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WorkBoat Watch

David Krapf, Editor-in-Chief Business stays strong heading into the show


November 12, 2012

For the workboat industry, I don’t think it mattered much who won the election last week. Why? Because I believed that under either Obama or Romney, the industry would not only be OK, but it would continue to gain strength next year and into 2014.

A big reason is the continued post-Macondo bounce in the Gulf of Mexico. Since early last year, growth in the U.S. Gulf rig and OSV markets has been steady. Throughout 2012, deepwater offshore permitting has continued to increase.

Shipyards have also started to refill order books. For Gulf yards, much of it is tied to the rebound offshore, and big fleet expansion plans from Harvey Gulf, Hornbeck and others. But other U.S. shipyards are filling slots with tugs, towboats, barges, ferries and other passenger vessels.

And despite the drought shaving a few pennies from quarterly earnings, barge operators are still doing OK and continue to show discipline, keeping barge supply-demand close to equilibrium. There was also some good news in the passenger vessel sector this year with the return of overnight paddlewheelers to the Mississippi River.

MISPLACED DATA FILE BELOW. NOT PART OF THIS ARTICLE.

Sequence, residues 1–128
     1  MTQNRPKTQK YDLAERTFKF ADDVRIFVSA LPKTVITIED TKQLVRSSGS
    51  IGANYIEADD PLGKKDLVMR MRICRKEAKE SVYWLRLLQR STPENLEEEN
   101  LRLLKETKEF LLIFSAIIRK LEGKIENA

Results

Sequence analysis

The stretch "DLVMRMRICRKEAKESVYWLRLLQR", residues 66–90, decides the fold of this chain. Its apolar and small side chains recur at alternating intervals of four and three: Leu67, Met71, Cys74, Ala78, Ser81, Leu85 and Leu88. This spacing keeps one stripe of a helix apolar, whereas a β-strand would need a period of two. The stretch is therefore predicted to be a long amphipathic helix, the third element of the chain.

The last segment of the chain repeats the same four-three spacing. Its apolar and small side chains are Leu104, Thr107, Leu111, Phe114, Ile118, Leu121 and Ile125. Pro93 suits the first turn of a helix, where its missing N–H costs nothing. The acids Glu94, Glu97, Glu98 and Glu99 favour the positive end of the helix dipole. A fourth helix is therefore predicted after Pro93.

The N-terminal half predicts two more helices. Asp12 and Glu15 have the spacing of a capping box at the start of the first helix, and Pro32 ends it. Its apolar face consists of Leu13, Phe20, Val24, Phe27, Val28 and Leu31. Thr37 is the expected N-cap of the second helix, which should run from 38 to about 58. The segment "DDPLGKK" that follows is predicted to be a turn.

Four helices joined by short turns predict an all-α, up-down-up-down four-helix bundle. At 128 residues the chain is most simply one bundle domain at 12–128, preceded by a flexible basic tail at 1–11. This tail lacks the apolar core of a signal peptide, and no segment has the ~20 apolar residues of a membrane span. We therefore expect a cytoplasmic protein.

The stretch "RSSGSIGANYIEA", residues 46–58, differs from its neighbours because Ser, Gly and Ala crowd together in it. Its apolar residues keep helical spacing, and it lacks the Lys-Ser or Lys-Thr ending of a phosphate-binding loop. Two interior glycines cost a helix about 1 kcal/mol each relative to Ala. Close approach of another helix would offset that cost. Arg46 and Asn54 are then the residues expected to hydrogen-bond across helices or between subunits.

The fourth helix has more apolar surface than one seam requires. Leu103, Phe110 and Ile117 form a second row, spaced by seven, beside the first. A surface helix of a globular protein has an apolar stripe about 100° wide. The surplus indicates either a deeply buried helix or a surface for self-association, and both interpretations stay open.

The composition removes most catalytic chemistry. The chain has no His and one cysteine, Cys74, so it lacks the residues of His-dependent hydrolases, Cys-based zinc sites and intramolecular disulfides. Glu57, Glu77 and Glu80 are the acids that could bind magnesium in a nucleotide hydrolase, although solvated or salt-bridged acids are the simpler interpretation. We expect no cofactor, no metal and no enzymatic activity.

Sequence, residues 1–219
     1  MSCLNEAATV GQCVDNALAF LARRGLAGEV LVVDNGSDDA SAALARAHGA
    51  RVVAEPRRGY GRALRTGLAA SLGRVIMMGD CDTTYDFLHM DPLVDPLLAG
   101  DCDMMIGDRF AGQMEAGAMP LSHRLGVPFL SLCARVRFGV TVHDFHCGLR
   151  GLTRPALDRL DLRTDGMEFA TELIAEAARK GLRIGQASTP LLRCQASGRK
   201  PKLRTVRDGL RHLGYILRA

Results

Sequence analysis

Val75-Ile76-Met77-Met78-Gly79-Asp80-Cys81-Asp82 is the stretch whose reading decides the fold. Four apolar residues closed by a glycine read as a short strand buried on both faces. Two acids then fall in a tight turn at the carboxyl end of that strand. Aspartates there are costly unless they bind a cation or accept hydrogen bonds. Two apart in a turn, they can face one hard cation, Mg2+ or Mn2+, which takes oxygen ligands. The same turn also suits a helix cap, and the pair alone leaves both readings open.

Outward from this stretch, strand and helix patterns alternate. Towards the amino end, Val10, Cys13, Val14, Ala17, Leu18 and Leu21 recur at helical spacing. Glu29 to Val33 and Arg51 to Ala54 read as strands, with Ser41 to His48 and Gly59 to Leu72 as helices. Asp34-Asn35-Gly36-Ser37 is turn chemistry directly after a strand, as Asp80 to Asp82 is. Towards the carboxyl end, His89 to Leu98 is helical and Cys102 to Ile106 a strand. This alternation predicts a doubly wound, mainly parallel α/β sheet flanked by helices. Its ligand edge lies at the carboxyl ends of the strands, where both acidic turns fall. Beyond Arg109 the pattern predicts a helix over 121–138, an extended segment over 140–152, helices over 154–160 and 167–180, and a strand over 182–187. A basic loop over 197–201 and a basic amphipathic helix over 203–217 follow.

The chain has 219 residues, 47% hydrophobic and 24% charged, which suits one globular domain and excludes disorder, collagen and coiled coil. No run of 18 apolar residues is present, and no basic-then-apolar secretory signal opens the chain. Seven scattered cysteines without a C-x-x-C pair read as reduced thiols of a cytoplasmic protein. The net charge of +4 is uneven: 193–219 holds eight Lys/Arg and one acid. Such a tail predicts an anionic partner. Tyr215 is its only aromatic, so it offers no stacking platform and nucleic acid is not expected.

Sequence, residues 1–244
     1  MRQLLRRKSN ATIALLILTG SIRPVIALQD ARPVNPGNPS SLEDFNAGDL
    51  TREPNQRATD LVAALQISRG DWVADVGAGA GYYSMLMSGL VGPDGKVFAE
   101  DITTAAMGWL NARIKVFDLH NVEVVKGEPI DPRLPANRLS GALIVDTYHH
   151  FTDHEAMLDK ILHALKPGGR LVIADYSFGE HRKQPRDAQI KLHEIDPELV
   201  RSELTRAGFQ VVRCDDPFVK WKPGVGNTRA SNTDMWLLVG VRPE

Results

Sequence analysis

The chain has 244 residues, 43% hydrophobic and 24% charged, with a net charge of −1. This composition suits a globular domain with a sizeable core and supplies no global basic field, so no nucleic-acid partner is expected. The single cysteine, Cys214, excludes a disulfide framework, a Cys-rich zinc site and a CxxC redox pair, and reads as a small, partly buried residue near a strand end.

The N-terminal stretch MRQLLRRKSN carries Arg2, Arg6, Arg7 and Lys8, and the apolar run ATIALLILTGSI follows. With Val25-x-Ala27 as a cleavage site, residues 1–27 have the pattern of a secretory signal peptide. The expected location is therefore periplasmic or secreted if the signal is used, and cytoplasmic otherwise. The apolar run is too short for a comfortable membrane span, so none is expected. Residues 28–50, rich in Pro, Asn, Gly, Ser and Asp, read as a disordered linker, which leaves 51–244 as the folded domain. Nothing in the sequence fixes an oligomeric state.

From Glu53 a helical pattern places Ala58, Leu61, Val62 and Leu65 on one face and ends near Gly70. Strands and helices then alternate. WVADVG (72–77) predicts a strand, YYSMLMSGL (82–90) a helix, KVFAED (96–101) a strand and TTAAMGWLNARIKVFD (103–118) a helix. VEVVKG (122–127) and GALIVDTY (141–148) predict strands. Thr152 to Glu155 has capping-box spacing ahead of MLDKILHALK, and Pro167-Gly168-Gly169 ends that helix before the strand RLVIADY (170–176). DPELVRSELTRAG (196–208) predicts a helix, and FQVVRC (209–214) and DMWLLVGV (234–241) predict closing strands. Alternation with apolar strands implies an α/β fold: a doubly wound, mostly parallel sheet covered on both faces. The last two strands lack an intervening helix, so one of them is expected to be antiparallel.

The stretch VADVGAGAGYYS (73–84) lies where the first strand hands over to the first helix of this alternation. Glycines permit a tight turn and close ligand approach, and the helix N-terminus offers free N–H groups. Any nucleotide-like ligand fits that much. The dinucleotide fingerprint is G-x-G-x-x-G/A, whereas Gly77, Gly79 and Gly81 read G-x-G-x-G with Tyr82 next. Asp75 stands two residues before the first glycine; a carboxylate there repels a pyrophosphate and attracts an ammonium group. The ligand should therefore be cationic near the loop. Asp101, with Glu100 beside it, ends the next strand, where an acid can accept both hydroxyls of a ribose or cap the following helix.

This should make for a great International WorkBoat Show. Once again, it is expected be our biggest show ever, with thousands of products and services on display. The show is set for Dec. 5-7 in New Orleans and exhibit hall registration is free through Dec. 4. You can register here.

For complete information, go to the International WorkBoat Show.

Expand/View Comments -  1 Comments
11/13/2012 16:21:22 WILLIAM ARCHER says:

I am bothered more by the fact that the Obama Administration seems to be willing to waive off the Jones Act at the drop of a hat. Sure, Hurricane Sandy was tragic, but the decision to bring foreign ships in to move product that US equipment could and should have handled was over zealous to say the least. For the most part, the terminals that those ships would have been going to, aren't even up and running, 2-weeks after the storm struck. Plenty of time for other US resources to be utilized. I work on a coast ATB, and we have been busy....moving some of the product from the National Reserve system, to help with demand, but I feel that the problems at the terminals as gas stations, isn't a supply problem, but a transfer and delivery problem. Business will stay strong, but I don't think we really have any "friends" with this administration. Just my Opinion!

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